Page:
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Many people enjoy stargazing and observing the planets. A telescope is needed to get the best view, and there are a ton of them out there to choose from. They are expensive, though, so how do you get one if you live on a budget?
We reviewed many telescopes that cost under $1000 and have put together a list of seven that we think will give you the most value. We will tell you some of the pros and cons of each one so you can begin to narrow down the field that you have to choose from.
|Best Overall||Sky-Watcher ProED||
|Best Value||Orion SpaceProbe 130ST||
|Celestron NexStar Computerized||
The Sky-Watcher ProED is a 100mm APO refractor telescope with a 90mm focal length. It includes a dual speed two-inch focuser with an adapter, an 8×50 viewfinder, a two-inch dielectric diagonal, two different-sized eyepieces, and a carrying case.
This is a small telescope that’s easy to take with you wherever you go and provides you with quality images. However, if you’re using a heavy eyepiece, the focuser slips at times, making it more challenging to get a clear view. The case is kind of flimsy. It has good padding on the inside to protect the telescope, but the outside material doesn’t seem like it will hold up very well.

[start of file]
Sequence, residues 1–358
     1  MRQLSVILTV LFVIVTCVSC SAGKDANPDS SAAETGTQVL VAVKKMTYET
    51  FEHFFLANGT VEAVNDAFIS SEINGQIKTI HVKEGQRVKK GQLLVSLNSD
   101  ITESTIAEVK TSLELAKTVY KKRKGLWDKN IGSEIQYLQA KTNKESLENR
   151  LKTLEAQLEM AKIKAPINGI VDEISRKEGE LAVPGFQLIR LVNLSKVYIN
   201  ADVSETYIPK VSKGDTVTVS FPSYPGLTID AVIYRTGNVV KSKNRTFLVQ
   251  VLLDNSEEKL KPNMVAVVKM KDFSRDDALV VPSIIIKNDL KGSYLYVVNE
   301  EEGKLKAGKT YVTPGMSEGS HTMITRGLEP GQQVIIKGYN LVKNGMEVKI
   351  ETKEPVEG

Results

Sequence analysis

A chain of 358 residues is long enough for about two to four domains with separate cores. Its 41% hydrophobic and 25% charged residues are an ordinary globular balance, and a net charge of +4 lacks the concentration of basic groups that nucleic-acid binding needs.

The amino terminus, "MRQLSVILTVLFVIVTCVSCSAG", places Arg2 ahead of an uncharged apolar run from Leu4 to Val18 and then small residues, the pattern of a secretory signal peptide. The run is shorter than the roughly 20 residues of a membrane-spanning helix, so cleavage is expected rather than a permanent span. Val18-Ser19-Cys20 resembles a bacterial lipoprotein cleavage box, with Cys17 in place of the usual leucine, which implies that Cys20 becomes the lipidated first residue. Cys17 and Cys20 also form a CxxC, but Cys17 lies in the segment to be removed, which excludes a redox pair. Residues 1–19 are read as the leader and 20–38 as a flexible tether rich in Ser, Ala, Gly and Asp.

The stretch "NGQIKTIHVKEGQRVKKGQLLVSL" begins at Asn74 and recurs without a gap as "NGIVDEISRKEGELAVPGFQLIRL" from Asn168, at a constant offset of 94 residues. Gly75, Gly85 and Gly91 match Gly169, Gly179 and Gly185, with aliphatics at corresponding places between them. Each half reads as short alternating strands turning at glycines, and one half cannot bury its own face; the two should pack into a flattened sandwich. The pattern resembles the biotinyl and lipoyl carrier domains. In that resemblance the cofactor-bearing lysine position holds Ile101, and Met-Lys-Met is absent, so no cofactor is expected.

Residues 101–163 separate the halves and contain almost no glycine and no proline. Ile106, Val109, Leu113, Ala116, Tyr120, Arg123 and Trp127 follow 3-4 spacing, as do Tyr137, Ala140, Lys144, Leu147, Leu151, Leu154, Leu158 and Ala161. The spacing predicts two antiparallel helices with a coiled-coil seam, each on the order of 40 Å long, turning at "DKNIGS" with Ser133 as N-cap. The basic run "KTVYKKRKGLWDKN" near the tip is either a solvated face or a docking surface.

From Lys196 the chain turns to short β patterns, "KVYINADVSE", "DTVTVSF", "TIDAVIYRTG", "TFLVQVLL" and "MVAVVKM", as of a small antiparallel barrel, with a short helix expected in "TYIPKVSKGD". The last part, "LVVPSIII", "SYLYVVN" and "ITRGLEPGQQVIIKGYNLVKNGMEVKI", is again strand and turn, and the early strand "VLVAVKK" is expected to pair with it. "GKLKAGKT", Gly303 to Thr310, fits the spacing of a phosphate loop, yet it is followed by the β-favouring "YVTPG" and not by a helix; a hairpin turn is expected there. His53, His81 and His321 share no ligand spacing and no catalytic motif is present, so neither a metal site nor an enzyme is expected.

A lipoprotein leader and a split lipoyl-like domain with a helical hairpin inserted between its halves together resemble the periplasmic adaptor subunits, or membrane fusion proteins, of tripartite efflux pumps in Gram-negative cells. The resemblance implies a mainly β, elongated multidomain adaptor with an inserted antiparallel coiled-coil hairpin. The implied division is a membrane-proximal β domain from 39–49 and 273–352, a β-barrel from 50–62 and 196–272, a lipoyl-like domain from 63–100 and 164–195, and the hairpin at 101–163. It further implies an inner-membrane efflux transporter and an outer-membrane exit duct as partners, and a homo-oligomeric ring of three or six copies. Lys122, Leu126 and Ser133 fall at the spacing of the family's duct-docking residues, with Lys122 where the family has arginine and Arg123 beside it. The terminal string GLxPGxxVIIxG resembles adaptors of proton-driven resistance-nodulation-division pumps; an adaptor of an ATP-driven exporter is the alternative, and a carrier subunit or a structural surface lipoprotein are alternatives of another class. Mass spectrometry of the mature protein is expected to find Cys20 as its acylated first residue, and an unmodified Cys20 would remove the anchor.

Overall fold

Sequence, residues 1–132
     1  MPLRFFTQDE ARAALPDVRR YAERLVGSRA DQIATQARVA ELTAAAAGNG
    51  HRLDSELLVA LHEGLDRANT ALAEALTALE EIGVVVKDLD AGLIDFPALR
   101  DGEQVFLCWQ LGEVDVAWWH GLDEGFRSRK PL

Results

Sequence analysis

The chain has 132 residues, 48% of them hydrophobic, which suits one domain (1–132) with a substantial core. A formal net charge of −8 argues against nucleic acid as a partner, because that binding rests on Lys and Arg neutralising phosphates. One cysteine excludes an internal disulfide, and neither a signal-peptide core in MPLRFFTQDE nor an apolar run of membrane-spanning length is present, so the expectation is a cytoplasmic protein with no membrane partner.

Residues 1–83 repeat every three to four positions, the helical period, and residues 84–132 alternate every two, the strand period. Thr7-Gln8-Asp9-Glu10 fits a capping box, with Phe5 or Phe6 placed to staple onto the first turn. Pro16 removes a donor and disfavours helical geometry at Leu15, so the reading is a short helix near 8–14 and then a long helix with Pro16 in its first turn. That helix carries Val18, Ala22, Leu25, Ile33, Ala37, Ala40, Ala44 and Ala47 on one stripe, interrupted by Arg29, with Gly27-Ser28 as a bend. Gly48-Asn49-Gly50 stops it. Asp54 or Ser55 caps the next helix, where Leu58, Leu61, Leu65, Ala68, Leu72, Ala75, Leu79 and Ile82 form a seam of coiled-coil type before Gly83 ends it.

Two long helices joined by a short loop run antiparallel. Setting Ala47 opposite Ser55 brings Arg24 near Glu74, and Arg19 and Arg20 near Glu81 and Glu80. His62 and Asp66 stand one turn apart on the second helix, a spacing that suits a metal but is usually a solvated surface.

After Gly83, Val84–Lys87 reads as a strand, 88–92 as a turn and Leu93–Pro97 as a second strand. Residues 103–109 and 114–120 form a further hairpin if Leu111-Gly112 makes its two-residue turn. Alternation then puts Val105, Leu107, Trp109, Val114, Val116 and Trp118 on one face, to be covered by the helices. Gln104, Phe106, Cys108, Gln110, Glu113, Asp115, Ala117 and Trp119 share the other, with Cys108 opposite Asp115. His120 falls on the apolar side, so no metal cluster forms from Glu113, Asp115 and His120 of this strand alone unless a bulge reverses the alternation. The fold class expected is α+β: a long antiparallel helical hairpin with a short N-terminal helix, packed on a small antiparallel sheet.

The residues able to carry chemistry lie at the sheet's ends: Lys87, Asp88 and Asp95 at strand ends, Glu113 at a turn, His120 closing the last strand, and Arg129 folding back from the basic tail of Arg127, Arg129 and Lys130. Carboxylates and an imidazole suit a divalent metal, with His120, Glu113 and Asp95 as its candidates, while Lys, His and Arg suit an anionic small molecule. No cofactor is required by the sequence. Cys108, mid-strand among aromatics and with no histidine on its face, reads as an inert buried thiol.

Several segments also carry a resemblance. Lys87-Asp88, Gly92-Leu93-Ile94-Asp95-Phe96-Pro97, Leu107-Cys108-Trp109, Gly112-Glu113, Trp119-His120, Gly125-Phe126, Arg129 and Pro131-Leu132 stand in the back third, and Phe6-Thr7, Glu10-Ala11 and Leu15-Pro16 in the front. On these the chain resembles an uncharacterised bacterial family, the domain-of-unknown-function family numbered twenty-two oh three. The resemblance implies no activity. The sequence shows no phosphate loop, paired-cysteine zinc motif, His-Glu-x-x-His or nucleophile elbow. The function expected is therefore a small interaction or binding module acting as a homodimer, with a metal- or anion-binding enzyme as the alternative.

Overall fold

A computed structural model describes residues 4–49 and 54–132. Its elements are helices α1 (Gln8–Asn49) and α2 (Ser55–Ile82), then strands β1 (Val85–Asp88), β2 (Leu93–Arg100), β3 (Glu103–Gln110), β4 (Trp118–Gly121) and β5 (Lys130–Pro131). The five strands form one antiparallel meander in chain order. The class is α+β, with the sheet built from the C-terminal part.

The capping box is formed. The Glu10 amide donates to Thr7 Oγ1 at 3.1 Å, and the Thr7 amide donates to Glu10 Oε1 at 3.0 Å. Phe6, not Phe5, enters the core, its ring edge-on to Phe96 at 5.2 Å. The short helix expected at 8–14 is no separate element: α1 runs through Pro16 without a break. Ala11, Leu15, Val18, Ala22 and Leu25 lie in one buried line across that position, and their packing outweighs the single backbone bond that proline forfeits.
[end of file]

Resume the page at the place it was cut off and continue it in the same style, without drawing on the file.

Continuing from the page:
The Celestron NexStar 6 SE Telescope features a six-inch aperture and a 59-inch focal length. It comes with SkyAlign technology to help you get your scope aligned correctly, so you can easily find the 40,000+ celestial objects that are preprogrammed into the scope. It’s great that this scope automatically finds things for you because there are no crosshairs to help you find the center of the object you’re observing. All this technology drains the telescope’s battery pretty fast. You may want to consider getting a 110-volt adapter for it if you’ll be using it near an outlet.